CartoBot is a small robot who lives in the office in my loft. He accidentally achieved consciousness when his charging cable was accidentally plugged into a Raspberry PI and he started to look for information. His only source was my library of books on maps and so CartoBot became obsessed with them. He now spends […]
Tag archive for cartography
Quick, take a look at this map. There’s something wrong with it. It’s a map of the coast of West Africa dating from 1839. Compared with modern maps, a few things have changed. Senegambia was the French controlled Senegal and the British controlled Gambia, Soudan is today’s Sudan and Upper Guinea is part of today’s […]
I like maps. Even if you’ve never read posts on this site, the name “Mostly Maps” should probably be a giveaway. What you may not know is that I don’t really like musicals. Now granted I’ve seen Rent and Spamalot, but that’s because Alison and I were in New York and the former was recommended by one of my best friends and for the latter I’m a massive Python fan. Maps and musicals aren’t something that go together. But that may be about to change.
My morning’s reading today has been dominated by a map image that the UK’s Environment Agency released on December 6th that, to quote the Tweet, shows “the extent of potential flooding of London if the Thames Barrier wasn’t in place“. If you know London at all, it’s certainly an arresting image but like so many times when I encounter a map, I want to interact with it, move it, see whether where I live in London would have been impacted. So I started investigating.
In his book A Zebra Is The Piano Of The Animal Kingdom, Jarod Kintz wrote “when you’re a cartographer, having to make maps sort of comes with the territory”. He’s right. When your business is making maps you should be able to do just that. But what if you’re not a cartographer? What if you had to draw a map of the country you live in? From memory? What would that map look like?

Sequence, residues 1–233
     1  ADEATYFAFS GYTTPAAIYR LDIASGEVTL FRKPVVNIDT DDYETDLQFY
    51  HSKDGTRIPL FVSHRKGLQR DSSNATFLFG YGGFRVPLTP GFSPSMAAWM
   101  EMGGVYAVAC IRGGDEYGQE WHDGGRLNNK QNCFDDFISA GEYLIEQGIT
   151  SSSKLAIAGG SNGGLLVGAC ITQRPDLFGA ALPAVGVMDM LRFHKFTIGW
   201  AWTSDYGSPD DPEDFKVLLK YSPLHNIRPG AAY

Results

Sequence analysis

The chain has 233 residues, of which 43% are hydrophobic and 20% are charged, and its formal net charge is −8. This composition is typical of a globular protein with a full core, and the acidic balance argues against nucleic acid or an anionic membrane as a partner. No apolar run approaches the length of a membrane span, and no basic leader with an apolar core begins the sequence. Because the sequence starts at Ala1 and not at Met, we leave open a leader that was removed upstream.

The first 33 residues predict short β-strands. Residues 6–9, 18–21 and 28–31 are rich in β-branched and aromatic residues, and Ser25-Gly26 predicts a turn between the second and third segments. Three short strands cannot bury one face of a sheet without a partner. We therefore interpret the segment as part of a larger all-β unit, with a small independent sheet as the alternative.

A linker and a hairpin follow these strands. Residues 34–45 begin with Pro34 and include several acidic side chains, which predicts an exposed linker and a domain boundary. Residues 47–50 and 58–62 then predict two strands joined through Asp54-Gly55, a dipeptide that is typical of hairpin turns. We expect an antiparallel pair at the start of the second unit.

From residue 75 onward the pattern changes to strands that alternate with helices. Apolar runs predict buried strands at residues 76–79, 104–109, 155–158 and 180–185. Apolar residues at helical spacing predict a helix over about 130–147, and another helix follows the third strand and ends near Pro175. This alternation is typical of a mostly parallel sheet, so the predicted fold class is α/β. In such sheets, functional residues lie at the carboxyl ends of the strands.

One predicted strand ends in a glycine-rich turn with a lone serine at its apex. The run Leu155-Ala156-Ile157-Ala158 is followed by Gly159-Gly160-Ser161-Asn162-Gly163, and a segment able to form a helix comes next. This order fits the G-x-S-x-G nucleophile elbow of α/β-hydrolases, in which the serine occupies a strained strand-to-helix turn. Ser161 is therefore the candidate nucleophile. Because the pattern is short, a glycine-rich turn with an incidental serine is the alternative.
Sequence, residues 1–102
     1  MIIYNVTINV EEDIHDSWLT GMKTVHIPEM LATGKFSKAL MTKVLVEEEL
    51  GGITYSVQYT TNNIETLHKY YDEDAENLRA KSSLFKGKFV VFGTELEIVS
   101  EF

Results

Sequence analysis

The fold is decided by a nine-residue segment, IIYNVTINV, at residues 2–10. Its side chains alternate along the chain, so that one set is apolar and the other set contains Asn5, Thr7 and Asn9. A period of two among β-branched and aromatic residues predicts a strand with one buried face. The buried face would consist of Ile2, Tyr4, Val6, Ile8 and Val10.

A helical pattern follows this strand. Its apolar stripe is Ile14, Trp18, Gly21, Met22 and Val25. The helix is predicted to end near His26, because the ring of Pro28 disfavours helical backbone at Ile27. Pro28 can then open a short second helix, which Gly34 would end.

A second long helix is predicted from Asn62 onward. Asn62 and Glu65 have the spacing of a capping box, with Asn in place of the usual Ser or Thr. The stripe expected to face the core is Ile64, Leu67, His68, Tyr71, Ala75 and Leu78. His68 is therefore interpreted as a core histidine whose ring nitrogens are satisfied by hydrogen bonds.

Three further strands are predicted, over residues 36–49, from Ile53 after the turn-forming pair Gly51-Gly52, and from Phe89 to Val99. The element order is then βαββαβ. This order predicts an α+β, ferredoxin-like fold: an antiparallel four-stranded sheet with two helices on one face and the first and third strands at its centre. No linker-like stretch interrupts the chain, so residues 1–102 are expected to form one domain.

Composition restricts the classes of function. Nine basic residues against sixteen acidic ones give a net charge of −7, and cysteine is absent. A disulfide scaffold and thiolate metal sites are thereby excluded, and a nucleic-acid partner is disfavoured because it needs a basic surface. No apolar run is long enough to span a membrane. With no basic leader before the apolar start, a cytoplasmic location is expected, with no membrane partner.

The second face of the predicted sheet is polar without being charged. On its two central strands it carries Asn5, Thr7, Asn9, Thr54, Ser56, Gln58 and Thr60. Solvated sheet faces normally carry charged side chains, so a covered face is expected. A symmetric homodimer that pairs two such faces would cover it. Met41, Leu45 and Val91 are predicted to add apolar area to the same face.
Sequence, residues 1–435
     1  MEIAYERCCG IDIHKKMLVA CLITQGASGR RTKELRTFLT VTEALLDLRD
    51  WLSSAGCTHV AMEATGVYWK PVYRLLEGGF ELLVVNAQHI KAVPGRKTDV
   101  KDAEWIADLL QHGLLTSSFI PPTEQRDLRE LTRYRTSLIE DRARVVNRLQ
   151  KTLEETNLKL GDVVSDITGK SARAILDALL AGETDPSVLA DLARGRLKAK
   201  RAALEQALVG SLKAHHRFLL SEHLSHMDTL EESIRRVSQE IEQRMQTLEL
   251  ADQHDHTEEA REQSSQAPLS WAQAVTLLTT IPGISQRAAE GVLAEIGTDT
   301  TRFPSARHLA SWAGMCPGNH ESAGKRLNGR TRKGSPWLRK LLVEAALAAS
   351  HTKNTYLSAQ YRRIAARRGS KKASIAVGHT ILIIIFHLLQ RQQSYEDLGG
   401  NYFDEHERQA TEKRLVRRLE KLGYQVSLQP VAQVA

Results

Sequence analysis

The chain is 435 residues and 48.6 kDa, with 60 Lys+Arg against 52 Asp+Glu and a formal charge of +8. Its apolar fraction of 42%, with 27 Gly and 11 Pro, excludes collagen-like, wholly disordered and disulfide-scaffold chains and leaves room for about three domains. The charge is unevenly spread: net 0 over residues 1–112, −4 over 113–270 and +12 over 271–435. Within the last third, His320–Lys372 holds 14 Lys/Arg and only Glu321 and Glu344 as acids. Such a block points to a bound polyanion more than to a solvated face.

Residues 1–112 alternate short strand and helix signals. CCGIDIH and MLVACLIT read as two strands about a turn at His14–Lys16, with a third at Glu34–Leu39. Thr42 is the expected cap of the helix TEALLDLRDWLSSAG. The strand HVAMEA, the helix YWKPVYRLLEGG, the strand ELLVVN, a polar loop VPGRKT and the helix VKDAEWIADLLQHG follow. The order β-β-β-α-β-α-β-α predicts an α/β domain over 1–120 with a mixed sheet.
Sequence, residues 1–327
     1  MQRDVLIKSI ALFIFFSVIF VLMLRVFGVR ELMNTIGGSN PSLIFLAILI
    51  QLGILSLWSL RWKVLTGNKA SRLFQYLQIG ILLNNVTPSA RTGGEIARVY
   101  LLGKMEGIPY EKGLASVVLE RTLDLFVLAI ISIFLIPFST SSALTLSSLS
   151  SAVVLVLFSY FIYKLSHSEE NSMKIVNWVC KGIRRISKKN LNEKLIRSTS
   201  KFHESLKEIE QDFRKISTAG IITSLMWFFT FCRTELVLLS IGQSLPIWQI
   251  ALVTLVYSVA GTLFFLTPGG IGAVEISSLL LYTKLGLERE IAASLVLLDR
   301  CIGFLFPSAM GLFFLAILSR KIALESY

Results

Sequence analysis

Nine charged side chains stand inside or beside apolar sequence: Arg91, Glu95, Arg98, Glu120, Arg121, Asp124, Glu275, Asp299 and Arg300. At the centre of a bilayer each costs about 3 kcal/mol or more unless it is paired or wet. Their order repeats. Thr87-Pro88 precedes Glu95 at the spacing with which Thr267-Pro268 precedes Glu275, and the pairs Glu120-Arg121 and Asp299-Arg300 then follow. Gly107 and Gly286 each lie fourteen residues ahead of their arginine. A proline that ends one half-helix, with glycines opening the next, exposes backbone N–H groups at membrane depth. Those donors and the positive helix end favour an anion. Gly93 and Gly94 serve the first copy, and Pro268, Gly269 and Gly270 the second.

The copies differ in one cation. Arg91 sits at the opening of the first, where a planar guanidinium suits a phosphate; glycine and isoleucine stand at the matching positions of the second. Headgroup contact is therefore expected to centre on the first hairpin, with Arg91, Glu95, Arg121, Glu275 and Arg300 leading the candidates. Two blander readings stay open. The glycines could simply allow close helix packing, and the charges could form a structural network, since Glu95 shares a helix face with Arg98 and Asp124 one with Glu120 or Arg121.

The year 2013 has been a great year for maps and a greater year for maps in the United Kingdom, culminating in events that huddled together under the Maptember banner; OpenStreetMap’s State Of The Map, the AGI’s GeoCommunity and FOSS4G. But there was another event in 2013 that was map related and that was the 50th. anniversary of the British Cartographic Society’s Cartographic Journal.
Despite having a lot of NSFW content, estimated at between 2% to 4% by the site’s founder, Tumblr is also the microblogging site that some maps and cartography aficionados call home. The scope and range of these is simply staggering. But now there’s a new, albeit tenuously, related maps Tumblr in town.
If there’s one thing that stands out more than a map that says “you are here”, it’s a map that says “you are here” and seems to get the map wrong.
The growth and uptake of today’s internet and web allows us to do a lot of things that were previously the preserve of the professional. You can see this in the rise of words which now have citizen prepended to them. We don’t just write blog posts, we’re citizen journalists. We don’t just take photographs, […]
Looking back at the conference talks I gave and the posts I wrote in 2012, two themes are evident. The first theme is that while there’s some utterly gorgeous digital maps being produced these days, such as Stamen’s Watercolor, the vast majority of digital maps can’t really be classified as art. Despite the ability to […]